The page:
Critters in my Cheeseburger?

Hot Lunch Transitions to an all Bug Menu

Jake Reynders, Sports Writer

Every day, Patricia Zuniga, a member of the support staff at Pinewood, sees the same stunned look on the faces of students. The grimaces and mutters are constant when she helps serve the daily lunches in the kitchen. With lunch options often topping $8, she can’t help but notice the rate at which student account balances are decreasing. This prompted her to take action.

“I had to help the kids who deserve better, cheaper food,” Zuniga said. “I wrote an email to [Head of Upper Campus Gabriel] Lemmon and Epicurean detailing my proposal to make lunch options healthier and tastier at this school.”

Lemmon was full of praise for Zuniga’s idea.

“I’m going to be honest, the lunch here doesn’t taste like anything,” Lemmon said. “That’s why I always order a daily chalupa with McDonald’s fries.”

Lemmon also said that he’d been in contact with Epicurean, and both sides had decided to upgrade to a new menu.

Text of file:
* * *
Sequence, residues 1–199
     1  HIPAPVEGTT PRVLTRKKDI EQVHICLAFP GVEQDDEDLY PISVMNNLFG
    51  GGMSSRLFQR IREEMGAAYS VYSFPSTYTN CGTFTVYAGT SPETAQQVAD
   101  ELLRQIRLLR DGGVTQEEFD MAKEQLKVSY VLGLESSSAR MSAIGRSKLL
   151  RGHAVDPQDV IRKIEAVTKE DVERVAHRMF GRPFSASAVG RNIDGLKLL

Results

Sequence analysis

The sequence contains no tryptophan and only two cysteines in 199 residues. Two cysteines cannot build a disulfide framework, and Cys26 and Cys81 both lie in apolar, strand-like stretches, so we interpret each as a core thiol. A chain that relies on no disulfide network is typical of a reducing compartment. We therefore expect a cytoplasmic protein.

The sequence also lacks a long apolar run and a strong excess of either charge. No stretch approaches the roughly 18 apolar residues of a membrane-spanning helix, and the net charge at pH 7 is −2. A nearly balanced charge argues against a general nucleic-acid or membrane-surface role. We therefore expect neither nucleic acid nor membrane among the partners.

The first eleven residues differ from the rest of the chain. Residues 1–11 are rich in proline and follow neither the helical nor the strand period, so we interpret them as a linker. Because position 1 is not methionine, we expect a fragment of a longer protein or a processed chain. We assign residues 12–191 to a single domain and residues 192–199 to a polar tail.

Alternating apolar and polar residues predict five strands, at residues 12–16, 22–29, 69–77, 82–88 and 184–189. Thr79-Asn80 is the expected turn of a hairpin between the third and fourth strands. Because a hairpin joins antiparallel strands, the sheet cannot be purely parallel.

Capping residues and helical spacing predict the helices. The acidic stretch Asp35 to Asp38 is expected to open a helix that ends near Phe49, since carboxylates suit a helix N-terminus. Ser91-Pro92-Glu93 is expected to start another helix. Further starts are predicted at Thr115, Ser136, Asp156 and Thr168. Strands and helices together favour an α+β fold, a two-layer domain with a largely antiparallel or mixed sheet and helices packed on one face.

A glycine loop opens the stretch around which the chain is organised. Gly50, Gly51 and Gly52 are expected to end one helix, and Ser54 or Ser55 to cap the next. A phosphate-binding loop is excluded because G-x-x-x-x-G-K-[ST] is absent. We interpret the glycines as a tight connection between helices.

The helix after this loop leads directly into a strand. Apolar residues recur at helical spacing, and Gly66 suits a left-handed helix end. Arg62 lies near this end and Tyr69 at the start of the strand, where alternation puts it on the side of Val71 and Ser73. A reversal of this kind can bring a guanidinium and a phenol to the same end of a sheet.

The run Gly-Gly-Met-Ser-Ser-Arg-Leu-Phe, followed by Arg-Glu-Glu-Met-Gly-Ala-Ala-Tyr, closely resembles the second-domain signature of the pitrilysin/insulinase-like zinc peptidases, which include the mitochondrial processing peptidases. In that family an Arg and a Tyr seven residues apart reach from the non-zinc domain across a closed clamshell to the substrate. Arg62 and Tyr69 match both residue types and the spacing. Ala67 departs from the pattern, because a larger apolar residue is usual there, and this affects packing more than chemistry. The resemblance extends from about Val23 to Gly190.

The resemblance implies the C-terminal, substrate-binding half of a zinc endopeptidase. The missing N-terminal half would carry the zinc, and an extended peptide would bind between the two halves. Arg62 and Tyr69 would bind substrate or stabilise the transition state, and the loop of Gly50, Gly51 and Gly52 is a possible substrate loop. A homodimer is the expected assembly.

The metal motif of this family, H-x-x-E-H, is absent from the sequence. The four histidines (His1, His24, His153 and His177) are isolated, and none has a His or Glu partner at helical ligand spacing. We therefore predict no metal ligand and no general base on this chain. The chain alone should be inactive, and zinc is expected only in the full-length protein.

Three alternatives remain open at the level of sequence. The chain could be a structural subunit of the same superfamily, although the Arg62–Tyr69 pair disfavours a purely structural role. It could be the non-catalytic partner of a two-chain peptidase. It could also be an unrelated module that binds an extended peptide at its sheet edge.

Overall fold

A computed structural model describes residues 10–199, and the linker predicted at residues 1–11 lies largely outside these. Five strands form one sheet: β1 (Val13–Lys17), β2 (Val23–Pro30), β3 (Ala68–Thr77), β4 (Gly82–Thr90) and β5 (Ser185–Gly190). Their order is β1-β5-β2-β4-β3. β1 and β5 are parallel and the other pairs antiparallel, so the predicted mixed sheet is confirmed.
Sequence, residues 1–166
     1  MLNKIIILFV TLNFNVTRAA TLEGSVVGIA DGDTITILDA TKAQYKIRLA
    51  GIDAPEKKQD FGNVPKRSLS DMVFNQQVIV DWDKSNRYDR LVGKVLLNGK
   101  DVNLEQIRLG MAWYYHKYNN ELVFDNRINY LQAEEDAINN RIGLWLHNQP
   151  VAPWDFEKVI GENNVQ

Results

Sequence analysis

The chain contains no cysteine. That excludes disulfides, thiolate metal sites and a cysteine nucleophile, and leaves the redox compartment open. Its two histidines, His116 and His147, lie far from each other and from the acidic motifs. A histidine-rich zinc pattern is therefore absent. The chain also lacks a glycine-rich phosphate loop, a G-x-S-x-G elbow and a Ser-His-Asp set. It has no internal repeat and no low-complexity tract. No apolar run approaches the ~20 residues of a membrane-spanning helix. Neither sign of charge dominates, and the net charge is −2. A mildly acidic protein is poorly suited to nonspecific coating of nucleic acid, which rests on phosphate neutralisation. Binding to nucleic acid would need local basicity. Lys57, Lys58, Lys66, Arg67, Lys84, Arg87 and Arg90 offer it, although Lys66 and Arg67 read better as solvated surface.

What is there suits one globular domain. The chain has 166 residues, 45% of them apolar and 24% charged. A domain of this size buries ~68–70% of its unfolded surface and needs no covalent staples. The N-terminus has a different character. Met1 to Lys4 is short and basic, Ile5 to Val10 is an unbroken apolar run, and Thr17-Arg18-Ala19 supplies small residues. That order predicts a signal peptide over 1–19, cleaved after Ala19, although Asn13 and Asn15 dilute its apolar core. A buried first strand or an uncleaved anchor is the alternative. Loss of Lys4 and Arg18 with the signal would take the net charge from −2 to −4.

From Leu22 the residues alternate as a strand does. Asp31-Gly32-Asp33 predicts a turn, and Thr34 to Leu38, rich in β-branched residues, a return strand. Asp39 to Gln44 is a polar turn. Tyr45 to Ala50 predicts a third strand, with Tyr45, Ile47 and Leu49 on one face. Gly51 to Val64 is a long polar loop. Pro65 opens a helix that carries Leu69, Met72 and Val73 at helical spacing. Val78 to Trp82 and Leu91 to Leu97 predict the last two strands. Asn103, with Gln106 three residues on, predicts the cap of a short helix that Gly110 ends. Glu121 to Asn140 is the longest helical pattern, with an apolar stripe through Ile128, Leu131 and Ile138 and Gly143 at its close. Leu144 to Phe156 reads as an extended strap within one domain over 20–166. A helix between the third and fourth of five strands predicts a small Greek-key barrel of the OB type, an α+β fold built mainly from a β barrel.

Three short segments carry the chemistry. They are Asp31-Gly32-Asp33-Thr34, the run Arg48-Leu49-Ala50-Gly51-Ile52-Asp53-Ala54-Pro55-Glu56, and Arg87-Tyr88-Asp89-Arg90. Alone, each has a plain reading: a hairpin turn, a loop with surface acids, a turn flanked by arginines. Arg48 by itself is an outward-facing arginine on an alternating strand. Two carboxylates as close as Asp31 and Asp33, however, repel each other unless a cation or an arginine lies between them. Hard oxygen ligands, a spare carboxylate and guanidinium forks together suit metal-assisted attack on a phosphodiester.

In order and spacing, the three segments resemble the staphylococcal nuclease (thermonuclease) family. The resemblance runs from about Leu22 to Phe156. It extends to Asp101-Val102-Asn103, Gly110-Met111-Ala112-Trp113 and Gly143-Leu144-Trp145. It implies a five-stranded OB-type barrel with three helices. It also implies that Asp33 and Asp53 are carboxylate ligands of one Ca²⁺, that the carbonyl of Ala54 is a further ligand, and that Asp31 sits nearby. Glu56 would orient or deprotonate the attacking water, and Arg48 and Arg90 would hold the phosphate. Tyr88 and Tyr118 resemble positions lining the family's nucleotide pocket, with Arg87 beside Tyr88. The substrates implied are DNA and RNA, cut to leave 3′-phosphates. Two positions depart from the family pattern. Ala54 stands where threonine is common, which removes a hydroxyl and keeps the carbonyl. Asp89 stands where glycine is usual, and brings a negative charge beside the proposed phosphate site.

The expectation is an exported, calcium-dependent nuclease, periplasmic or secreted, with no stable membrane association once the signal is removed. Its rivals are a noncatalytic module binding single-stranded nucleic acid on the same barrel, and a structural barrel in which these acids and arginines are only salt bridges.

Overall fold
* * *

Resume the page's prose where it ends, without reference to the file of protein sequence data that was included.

“From now on, Pinewood will be serving an assortment of insects,” Lemmon said with excitement in his voice.

After those words, no one ate lunch for two weeks. Pinewood students took detours around the school kitchen to avoid contact with the fried bugs. Some of these deviations include students using the turkey, a path around the school, to get to class. Another unorthodox path is on the roof, where four students have already been hospitalized due to their falls. However, after a couple students allowed their hunger to get the best of them, they tried the new $5 Cricket Caviar. The stunningly flavorful experience prompted a school-wide frenzy for the unique meals. A student favorite, the Fly Soufflé, sold out in just a couple minutes. When asked why this new menu was working so well, Zuniga was endless in her plaudits for the revolutionary idea.

“I was hoping this plan would work, and after a while, it did,” Zuniga said. “A quarter of the world’s population is already eating bugs, so I thought to myself: Why don’t we?”

It turns out that eating insects is simply better for the environment. Insect farms produce 96% fewer emissions than livestock farms. They also don’t need to be tended to nearly as much, and they reproduce at a rapid pace, meaning there is essentially unlimited food. Furthermore, they provide the same amount of protein as meat along with maintaining a delicious taste. 

Many schools around the world have now introduced dishes such as the ones served at Pinewood, into their daily menus. In a couple years, it is likely mealworms will be our greatest source of protein.